Please join me in a special treat from Xanthe, sharing her latest adventures in travel and consciousness with us! Thank you!
Approaching our destination in the last few minutes coming closer to the land, I was enjoying the landscape and the vastness of it, and was struck by the lushness I could see from the air. It was not as barren as I expected. I could see the weaves, patterns, flows, and in the same moment I saw these, I felt an understanding of the aboriginal vision tapped into for paintings, of their way of seeing things. The use of the dots bringing to mind the adamantine particles of which all matter is composed. Whilst at the same time feeling the connection to the stars we are a part of also. My first steps out of the airport I had tears in my eyes, my heart was so happy to be here.
In the first couple of days, I had a strong sense of a portal to galactic energies that stayed with me throughout my time there. What was also interesting was the day after I sensed this, we went to a nearby hotel for a drink and I saw a painting that captured my vision of the portal, so cool! For me it felt like the external landscape here was making me aware of my internal landscapes, because up until now, there was a seamlessness I felt primarily throughout my body—now, this was translating to this landscape.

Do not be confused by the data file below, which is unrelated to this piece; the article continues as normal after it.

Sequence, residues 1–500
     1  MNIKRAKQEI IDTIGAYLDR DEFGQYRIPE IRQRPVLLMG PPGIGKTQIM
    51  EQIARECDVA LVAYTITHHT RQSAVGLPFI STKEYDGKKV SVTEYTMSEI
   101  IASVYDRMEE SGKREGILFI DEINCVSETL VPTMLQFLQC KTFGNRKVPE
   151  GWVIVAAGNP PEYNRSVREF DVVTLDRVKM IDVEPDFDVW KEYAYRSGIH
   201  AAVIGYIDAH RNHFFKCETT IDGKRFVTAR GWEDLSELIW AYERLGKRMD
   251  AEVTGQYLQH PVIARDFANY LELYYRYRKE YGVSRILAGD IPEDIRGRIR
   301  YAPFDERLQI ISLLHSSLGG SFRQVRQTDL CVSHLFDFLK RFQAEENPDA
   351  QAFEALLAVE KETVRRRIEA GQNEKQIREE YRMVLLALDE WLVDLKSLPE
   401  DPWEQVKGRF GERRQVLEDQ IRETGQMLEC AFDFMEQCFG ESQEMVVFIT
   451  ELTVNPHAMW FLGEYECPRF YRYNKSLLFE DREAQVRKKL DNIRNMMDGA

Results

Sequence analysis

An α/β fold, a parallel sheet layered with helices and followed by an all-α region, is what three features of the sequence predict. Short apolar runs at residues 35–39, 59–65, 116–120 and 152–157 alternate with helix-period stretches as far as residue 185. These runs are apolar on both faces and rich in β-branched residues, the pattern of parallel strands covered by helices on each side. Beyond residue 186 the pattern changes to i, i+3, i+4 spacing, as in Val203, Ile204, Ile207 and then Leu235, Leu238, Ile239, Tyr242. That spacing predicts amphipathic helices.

On one level I was hanging out with my friend Pete, chatting, moving through the day and the experiences and on another level I was aware of and feeling so much more of me. Feeling the space and room to breathe, the joy of being surrounded by so much red, and so much me. I became really aware of how there had been an increasing desire for more space the days leading up to my departure.
After a couple of days at Yulara, the resort town closest to Uluru, unwinding, receiving, leaning into, opening, grounding, we were off on a 4-day adventure to 3 of the main sights, with a final arrival in Alice Springs.
Though I was regularly surrounded by other people, there were 22 of us in total, with 19 of those female, I did not find myself overwhelmed or influenced by their energies. Any agitation I experienced was my own during some point of the walks when I felt pushed or stressed by that particular part of the climb. A couple of good fuck yous to no one in particular climbing heartbreak hill at the start of the Kings Canyon walk let me tell you!
Throughout the entire trip the edges felt blurred there didn’t seem to be anything between me and external, it all felt a part of me - the outside and inside this dance of experience, action, feeling all blending, melting into each other. As the 3 days were so full with walking and activity I had little time to think and yet at the same time I had heaps of time, like sitting in the van from one destination to another. Yet I seemed to be in the seamless stream there, for I get car sick reading, and aside from listening to some relaxing music for a short stint mostly I simply drifted, happy to not think, just be.
Although aware of my friend Pete, who would often comment his distress at the fact there was no wifi service or alcohol on a couple of occasions, I was quite happy and not impacted by him. I was very aware of how differently I moved about in this dream of a trip, not having usual desires to chat with others, happy to be bringing up the rear on many of the walks, so that I could enjoy the landscape and its gifts. Always getting help in the exact moment i needed it.